Some liturgical innovations have potential for lasting a long time in the church, some of them have short life spans; some of them are universally well received, and some are controversial.  These days, many things are presented as novel approaches to the way we worship are just re-introductions of things that the church has done in some other time or some other place.  Jesus speaks in Matthew’s Gospel that “…every scribe trained for the Kingdom of Heaven is like the master of a house who brings out of his treasury things old and things new.”  So both imaginative innovation and historical exploration provide a good balance for guiding us how to try out new ways of praying and worshipping together.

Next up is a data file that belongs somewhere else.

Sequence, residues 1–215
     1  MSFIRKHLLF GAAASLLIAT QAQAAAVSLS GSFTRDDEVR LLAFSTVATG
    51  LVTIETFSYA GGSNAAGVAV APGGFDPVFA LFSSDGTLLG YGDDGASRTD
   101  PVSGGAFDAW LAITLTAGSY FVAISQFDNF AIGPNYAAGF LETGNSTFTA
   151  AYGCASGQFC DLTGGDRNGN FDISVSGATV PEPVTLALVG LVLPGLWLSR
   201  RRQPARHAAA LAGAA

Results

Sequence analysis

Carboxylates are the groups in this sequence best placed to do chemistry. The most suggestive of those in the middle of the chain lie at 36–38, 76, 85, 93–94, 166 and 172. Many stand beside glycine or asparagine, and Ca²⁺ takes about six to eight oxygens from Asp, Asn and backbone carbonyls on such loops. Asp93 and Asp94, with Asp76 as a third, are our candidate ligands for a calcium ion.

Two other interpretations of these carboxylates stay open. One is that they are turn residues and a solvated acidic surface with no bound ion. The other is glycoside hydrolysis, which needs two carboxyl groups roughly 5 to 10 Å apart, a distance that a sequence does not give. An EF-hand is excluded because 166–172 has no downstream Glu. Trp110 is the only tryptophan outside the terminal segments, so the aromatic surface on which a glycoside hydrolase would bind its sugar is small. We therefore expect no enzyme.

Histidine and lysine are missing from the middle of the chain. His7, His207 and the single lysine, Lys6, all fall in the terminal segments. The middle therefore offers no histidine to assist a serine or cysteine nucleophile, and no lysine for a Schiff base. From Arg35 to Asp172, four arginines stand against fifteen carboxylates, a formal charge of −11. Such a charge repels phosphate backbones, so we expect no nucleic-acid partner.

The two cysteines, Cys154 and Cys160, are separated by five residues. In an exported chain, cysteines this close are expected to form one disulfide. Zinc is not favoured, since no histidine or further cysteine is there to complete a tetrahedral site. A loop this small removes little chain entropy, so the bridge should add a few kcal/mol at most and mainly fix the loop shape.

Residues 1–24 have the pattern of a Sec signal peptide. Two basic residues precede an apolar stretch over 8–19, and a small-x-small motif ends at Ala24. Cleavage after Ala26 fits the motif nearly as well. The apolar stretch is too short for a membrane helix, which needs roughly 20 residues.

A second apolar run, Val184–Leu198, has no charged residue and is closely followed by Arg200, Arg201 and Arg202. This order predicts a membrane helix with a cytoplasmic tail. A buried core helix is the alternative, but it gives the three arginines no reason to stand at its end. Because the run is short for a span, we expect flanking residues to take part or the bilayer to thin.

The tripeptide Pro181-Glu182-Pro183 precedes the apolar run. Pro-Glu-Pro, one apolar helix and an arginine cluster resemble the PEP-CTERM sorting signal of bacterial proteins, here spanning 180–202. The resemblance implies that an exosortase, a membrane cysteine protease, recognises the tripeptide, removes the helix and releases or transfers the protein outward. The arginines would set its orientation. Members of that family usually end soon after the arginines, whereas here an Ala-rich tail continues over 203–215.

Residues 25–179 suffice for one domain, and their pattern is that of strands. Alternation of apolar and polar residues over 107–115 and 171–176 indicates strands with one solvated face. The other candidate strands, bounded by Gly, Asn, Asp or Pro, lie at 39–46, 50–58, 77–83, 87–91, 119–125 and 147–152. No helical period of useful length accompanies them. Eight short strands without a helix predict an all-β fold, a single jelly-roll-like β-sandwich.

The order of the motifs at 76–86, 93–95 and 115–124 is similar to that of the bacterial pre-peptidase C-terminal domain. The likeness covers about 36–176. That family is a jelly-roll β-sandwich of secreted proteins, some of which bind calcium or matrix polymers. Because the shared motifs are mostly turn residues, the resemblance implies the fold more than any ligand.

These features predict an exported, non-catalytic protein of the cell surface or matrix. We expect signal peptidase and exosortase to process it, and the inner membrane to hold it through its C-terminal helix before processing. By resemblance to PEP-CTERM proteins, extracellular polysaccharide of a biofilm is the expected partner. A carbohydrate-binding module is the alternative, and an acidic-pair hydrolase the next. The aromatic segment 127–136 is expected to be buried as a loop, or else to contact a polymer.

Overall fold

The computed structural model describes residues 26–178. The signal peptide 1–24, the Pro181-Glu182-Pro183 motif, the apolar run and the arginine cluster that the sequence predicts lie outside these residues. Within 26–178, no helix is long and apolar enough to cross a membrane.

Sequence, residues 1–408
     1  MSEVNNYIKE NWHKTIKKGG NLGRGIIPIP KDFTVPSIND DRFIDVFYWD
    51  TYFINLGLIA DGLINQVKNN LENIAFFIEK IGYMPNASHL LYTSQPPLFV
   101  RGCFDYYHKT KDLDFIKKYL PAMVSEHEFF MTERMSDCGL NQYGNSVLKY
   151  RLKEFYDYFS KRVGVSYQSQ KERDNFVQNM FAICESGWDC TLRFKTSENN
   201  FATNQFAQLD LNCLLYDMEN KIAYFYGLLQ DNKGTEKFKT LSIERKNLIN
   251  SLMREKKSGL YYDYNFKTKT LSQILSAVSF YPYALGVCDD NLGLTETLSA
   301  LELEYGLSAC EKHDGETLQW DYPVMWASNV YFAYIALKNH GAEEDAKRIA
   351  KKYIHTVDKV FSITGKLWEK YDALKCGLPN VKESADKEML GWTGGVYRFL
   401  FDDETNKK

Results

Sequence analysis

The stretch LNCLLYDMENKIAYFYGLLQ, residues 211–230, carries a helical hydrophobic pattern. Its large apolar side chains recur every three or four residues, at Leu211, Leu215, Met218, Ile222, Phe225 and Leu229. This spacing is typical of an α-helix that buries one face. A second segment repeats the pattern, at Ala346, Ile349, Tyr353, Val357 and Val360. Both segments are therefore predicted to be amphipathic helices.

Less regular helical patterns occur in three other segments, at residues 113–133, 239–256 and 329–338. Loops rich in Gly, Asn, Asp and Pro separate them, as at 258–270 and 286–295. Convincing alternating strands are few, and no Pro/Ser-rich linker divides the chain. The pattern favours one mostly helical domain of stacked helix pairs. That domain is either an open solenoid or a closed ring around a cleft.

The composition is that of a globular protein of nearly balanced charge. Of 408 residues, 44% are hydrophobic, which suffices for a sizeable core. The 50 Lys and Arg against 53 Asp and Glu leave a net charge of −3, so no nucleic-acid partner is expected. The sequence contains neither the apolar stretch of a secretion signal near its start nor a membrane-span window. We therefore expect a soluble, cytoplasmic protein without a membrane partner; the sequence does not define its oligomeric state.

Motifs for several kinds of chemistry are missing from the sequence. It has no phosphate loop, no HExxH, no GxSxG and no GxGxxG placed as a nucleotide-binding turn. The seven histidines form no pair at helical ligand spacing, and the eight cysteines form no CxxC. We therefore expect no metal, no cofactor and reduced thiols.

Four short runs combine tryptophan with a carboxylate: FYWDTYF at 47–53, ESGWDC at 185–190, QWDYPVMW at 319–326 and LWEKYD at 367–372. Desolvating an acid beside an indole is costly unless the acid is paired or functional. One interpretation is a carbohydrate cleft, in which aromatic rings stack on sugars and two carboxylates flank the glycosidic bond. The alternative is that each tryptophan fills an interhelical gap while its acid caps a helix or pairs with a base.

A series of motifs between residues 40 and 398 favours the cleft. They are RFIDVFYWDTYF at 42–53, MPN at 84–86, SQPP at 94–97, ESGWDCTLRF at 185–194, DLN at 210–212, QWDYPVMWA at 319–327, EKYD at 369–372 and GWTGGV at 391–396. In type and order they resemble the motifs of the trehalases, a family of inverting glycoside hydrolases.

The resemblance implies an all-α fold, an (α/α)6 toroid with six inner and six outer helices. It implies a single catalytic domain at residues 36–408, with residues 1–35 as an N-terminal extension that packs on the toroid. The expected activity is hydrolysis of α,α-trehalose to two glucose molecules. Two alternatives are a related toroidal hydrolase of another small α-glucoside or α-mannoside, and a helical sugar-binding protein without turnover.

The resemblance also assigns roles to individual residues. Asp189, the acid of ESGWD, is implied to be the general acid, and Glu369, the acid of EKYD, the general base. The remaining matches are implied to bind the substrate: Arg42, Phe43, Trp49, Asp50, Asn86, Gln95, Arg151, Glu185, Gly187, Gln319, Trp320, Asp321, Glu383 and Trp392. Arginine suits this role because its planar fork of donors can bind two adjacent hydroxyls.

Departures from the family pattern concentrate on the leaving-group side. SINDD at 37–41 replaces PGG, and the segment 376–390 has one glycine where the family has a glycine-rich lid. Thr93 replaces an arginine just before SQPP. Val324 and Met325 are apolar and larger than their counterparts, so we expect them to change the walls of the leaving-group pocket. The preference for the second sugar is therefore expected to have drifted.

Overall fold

One such liturgical idea that seems to have caught fire around the church recently has done so quietly:  increasing our time for silent prayer in our common worship.  It might not be something that pops up in casual conversation among worshippers, but there is a groundswell of advice and earnest pleading from theologians, liturgical scholars, monastics, mystics, and seasoned pastors alike, that there is a need to offer more silent chances for prayer in worship.  At last year’s clergy retreat, we heard a long reflection from Bishop Neil Alexander about increasing silence; there was a moving presentation at the Dean’s conference the year before about the importance of a pause for silence throughout our more verbal praying; monasteries are attracting many more guests than in previous years as people are attracted to the devoted silence that such spaces offer.  Our Monday morning group at the cathedral just completed a study of Inwardly Digestthe Book of Common Prayer as a guide to Spiritual Life, where Fr. Derek Olsen laid out a provocative case for maintaining significant pauses in worship.  In short, the message seems to be coming from all sides.